Facebook to Expand Social Graph API to Include Places

Robert Egert
Apr. 11 2012, 02:00PM EDT

Facebook is planning to update its Open Graph API to enhance the ability of developers to integrate location-based data to user’s newsfeeds and posts. Facebook announced its intention to develop this feature at the Where 2012 Conference in San Francisco last week.

The upcoming social graph “place” feature will allow third-parties to push information, offers and messages based on that data. For example, an application could inform you where your Facebook friends are or alert you when you are in the same location. Merchants and promoters could also use the service to deliver location-based offers.

In the same way that Spotify pushes information about what it’s users are listening to onto a linked user’s page, developers will now be able to push place information into users’ facebook page. This could include concert venues, merchant offers such as coupons, or personal location status.

While it is possible to provide similar functions today, once the ‘place’ object is added to the Open Graph API, it will be much easier for third developers to link their location data and perhaps more importantly, to integrate that with other social graph features.

For example, a purchase made at a store, a meal ordered at a restaurant or your attendance at a movie could be passively included as a status update to your Facebook page and shared with your friends.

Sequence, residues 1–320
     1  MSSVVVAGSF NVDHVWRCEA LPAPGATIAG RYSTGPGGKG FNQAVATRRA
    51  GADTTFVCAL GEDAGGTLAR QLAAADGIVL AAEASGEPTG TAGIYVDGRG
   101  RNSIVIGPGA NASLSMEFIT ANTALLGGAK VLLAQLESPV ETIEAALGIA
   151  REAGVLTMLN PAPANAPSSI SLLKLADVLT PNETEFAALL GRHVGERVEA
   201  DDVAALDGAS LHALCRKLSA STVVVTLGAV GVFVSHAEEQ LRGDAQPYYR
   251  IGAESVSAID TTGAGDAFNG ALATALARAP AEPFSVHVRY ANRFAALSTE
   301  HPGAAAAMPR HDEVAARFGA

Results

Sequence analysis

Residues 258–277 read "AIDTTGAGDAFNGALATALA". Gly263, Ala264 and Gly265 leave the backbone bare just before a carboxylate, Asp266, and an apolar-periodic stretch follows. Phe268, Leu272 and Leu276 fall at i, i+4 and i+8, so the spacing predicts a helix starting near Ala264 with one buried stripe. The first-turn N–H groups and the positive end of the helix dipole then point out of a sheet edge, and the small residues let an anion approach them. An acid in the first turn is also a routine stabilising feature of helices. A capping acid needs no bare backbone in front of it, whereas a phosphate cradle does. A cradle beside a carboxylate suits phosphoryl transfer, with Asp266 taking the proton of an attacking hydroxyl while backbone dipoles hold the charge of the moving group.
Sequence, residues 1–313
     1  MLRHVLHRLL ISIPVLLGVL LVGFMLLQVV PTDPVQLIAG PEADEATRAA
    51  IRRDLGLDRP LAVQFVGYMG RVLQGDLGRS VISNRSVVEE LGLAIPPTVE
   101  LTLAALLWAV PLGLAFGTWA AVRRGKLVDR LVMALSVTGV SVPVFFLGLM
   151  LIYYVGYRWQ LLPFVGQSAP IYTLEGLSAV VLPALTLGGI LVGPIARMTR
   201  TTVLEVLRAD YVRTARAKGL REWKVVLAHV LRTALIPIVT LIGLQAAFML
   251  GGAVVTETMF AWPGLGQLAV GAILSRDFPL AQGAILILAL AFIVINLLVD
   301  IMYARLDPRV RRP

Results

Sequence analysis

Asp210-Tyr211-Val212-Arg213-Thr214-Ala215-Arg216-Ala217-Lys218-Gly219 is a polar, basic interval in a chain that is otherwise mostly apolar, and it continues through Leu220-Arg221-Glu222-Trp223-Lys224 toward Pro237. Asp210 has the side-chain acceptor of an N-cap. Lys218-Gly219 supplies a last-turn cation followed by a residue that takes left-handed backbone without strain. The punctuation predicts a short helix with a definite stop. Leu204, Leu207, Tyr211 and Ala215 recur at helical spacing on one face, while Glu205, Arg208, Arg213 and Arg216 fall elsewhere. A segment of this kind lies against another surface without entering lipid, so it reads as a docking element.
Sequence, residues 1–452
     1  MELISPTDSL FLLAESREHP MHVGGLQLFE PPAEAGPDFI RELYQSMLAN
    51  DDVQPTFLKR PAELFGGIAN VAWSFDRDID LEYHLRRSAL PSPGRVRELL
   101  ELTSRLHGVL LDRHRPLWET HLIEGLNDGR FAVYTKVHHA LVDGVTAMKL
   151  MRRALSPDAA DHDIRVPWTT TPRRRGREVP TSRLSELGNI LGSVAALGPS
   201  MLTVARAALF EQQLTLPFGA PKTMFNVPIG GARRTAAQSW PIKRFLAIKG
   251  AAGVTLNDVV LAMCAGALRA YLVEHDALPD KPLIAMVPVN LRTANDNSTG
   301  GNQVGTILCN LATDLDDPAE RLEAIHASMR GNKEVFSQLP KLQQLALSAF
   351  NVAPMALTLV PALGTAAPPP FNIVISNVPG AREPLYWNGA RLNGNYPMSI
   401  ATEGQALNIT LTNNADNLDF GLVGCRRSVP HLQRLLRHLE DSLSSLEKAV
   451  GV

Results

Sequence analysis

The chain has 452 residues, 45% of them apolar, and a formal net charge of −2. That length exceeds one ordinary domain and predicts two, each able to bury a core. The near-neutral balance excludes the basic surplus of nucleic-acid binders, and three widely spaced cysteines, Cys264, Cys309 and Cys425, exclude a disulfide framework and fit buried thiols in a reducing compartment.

Facebook already supports location services that allows certain posts and status updates to include place information. However, today the inclusion of location data is pretty much restricted to the facebook interface.

Along with the growing interest and investment in location-based applications are concerns around privacy. Personal location information broadcast via third-party applications could be used by law enforcement or individuals in ways that are not intended by Facebook users.

Just last month the application Girls Around Me, which broadcast personal information about women based on proximity, was dubbed a "stalker" app and provoked not only a consumer outrage but also prompted the app store to pull the application.

Robert Egert Robert Egert is a strategist, UX designer, artist and writer. Follow: @psychomotikon Read: motikon.com Connect: http://www.linkedin.com/in/robertegert

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